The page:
Around that same time Weyermann was attending the Berlin Film Festival when she caught wind of Ai's unfolding film project. 'I met in Berlin with Chin-chin and Andy, while Weiwei was still on Lesbos, and we started talking about the potential for this film to be a powerful way to get this story out to more people," recalls Weyermann. 'I found it very exciting. Of course, there have been endless news broadcasts and magazine articles but having a film by Weiwei was going to be a unique avenue to raising awareness unlike any other. He's one of our world's major creative spirits and he has the capacity to reach so many people and especially to reach young people."
She goes on: 'We started putting a production structure and financing in place, but Weiwei started just by starting and we watched as the project took on a huge life of its own. It became even more special when I first met Weiwei. He's so open and curious about everyone and everything. Much as he is a genius at using social media, he places a very high value on one-one-interaction, and that is a beautiful way of operating in the modern world."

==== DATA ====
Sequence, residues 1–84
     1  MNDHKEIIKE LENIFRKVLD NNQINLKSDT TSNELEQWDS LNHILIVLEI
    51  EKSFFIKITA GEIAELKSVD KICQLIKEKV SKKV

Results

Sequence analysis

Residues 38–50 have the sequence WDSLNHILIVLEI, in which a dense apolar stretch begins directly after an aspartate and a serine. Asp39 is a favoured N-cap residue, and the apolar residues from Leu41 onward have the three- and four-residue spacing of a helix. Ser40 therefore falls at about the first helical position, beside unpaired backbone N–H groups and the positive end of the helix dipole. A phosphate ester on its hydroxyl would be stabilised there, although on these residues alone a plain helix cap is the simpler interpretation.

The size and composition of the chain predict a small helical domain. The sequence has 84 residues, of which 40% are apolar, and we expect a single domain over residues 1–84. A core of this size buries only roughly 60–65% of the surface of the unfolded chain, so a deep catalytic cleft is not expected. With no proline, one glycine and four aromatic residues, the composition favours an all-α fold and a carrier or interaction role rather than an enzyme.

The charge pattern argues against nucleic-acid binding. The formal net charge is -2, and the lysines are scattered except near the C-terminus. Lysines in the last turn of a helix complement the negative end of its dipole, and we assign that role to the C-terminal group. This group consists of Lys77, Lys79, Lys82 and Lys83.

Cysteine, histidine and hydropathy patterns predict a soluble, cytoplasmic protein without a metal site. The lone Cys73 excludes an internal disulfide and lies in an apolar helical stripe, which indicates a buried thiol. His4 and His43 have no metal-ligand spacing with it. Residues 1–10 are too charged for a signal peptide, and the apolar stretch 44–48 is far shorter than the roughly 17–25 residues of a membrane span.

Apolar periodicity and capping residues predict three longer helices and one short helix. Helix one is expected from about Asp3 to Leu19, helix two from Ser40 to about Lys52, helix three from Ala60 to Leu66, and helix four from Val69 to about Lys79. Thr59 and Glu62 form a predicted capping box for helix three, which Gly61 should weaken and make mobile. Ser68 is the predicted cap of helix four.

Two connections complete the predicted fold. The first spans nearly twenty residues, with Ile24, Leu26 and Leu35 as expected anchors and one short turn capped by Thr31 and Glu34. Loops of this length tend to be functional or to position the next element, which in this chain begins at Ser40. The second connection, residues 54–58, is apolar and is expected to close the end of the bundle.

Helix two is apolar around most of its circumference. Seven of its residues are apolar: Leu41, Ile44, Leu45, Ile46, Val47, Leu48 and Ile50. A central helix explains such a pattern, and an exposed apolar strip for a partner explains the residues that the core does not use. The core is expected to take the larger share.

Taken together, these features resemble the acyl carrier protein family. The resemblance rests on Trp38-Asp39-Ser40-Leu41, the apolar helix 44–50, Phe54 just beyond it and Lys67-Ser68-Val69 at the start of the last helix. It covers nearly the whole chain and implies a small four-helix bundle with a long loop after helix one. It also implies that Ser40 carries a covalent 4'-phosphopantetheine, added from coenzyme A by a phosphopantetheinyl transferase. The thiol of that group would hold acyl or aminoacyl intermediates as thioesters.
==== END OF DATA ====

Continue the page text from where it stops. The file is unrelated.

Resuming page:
Ai often uses a team approach to his art and is comfortable with delegating to those whose talent and skill he respects. Much of the early direction emanated from the Berlin Studio, which served as a central hub as hundreds of spokes began springing from the wheel.
Weyermann got a glimpse at the process when she visited Ai's cavernous, 32,000 square-foot studio in a former East Berlin brewery. 'Weiwei has a really dedicated, strong, smart team of researchers who did a lot of the groundwork in Berlin, in this extraordinary, monastery-like space he's created there," she says. 'I remember coming to Berlin soon after we started production"and the studio had an entire massive -control room,' with every surface lined with photos, maps and charts looking at both the history and the situation on the ground in every country. As daunting as the film was in its scope, the guidance from Weiwei was very simple in its passion. As a visionary, he pulls people in and they want to be part of what he's doing."